Location:   Playa del Carmen, Mexico
Status:       Project
Type:          Residential

Combining subtle family accommodation with generous spaces for entertaining, the design of this house in Playa del Carmen balances the constraints of the site with the alternating requirements for privacy and transparency. The project is designed under three premises: preserve existing vegetation, create a house that resists its tropical surroundings and develops a unit that benefits from natural lighting and views provided by its natural environment.

The tropical climate is exploited in the planting of the garden, while the deep overhang of the roof, raised above a layer of clerestory windows, offers protection from the sun and rains. The design of the layout seeks to preserve the preexisting trees of the site. Under this premise, it will be possible to preserve more than 80% of the different species and relocate the other 20% within the perimeter of the site.

Set into semi-flat terrain, the house is arranged in two levels. The cross-like layout of the house converges in the central double-height living room. The parallel wings contain family suites while a guest room cantilevers perpendicularly from the main block of the house looking out across the garden and pool. The central salon is designed to provide a setting for large events or more intimate gatherings. Within this space, the dining room is integrated with the kitchen in a glass pavilion, projecting into the garden.

The orientation of the house was determined in relation to the sun and the views towards the trail, making the architectural program enjoy a very close interior-exterior relationship. This not only manages to integrate the house with its natural environment but also allows cross ventilation and thermal comfort derived from the microclimate under the treetops. Window openings are placed to frame selected views, in which the positioning of trees and plants has been carefully orchestrated.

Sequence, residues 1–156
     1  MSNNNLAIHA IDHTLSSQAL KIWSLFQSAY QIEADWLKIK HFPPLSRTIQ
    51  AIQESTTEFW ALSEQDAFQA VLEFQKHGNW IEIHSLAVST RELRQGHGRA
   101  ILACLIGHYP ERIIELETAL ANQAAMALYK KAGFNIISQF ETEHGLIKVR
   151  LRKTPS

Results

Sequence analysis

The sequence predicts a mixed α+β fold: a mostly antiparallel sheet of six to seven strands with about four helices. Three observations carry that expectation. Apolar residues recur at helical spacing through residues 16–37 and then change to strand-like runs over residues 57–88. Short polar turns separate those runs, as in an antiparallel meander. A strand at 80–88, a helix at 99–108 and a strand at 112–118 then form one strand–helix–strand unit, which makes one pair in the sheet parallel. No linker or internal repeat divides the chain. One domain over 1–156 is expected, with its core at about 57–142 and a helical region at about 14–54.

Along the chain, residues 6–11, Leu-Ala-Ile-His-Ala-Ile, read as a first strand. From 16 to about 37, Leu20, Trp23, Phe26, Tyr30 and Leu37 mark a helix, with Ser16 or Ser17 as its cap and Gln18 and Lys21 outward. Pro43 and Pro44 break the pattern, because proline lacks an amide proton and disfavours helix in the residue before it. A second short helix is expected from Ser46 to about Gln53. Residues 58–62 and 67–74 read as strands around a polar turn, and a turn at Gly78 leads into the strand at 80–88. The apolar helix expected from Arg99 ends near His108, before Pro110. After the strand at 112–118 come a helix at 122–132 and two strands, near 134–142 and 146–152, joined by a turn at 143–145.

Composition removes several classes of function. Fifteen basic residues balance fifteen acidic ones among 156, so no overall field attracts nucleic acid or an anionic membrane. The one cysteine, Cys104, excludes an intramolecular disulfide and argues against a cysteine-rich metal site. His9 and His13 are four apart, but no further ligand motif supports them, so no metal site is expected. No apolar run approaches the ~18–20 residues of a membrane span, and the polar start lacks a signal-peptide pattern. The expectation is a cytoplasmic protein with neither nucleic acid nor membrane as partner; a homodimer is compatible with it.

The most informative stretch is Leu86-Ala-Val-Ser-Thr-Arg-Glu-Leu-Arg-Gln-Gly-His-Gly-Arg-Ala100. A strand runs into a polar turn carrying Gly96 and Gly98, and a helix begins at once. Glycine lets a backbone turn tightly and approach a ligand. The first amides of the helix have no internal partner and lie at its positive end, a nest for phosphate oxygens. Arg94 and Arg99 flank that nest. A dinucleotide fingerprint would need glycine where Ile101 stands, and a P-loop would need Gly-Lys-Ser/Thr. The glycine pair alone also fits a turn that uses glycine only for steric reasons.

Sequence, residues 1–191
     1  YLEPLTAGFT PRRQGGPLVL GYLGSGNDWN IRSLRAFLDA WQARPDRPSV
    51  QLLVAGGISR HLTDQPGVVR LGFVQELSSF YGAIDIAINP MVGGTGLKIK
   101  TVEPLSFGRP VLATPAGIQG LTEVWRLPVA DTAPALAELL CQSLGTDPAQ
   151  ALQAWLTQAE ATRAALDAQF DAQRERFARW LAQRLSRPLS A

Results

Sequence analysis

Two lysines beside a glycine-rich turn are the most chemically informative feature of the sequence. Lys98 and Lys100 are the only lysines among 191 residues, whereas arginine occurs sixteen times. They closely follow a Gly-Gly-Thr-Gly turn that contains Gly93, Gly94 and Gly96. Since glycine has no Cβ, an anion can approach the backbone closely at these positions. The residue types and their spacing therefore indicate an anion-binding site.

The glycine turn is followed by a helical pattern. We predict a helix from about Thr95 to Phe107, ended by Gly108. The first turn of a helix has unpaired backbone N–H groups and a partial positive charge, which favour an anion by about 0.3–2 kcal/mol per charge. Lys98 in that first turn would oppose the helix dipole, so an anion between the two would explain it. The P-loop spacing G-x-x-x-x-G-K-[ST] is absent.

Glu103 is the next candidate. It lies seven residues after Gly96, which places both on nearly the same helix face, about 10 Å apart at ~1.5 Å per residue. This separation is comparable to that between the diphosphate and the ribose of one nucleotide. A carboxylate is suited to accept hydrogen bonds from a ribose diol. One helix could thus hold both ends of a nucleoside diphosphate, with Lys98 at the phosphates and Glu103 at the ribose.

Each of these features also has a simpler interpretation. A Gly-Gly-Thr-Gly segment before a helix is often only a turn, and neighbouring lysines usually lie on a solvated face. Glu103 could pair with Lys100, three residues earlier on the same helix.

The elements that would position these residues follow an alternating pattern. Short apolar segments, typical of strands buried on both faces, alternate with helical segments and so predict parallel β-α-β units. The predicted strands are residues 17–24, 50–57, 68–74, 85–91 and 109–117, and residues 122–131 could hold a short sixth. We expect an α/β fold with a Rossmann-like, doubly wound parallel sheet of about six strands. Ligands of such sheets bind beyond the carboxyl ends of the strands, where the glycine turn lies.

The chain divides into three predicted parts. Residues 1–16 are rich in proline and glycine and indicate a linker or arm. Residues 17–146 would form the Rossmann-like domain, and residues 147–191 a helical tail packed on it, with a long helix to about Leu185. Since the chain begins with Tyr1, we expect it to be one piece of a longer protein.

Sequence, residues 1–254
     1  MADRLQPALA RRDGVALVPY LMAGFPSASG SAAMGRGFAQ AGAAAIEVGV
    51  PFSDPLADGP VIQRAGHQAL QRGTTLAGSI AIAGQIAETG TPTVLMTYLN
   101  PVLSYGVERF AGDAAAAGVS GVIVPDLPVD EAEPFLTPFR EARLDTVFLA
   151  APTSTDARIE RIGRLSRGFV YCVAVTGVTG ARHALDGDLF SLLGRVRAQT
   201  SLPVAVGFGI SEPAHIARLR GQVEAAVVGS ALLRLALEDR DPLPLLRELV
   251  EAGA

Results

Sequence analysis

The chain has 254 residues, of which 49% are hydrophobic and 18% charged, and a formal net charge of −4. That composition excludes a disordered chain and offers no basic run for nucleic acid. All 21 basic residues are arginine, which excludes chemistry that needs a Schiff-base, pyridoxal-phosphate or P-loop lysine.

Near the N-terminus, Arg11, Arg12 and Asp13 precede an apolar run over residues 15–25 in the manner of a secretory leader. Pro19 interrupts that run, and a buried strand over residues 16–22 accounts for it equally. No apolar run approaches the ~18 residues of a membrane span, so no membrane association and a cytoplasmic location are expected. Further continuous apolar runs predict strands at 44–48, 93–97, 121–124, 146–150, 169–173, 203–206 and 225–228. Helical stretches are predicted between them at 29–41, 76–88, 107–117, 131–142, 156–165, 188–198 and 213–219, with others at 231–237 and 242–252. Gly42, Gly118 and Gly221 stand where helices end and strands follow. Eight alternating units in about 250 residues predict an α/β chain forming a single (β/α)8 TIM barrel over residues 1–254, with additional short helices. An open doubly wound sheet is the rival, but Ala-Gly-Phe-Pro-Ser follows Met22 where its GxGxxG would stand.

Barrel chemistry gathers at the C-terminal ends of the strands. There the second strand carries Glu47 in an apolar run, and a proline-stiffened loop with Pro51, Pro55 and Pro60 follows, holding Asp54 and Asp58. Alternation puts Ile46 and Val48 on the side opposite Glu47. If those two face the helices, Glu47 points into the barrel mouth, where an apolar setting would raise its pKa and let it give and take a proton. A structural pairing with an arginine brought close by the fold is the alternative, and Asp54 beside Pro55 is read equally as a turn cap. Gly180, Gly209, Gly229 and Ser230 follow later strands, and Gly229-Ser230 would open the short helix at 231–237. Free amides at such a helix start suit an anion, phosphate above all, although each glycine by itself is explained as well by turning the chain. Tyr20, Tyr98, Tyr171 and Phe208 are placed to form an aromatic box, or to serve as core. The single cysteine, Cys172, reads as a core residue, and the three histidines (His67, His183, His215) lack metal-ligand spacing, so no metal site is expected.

Six concrete walls support the house merging the engineering and architecture into a challenging geometry withtimeless aesthetic.   The inverted concrete beams in the upper level sustain the numerous cantilevers while setting free and continuous ceiling surface throughout the entire second floor. The stone floors and exposed concrete walls make the house brutalist while the illumination and interior decoration complement the tone and function of the different parts of the house, achieving a fresh and relaxing environment. The wooden formwork stamped on the raw concrete walls contrast the smooth floors making every room a sequence of tactile and lighting experience.

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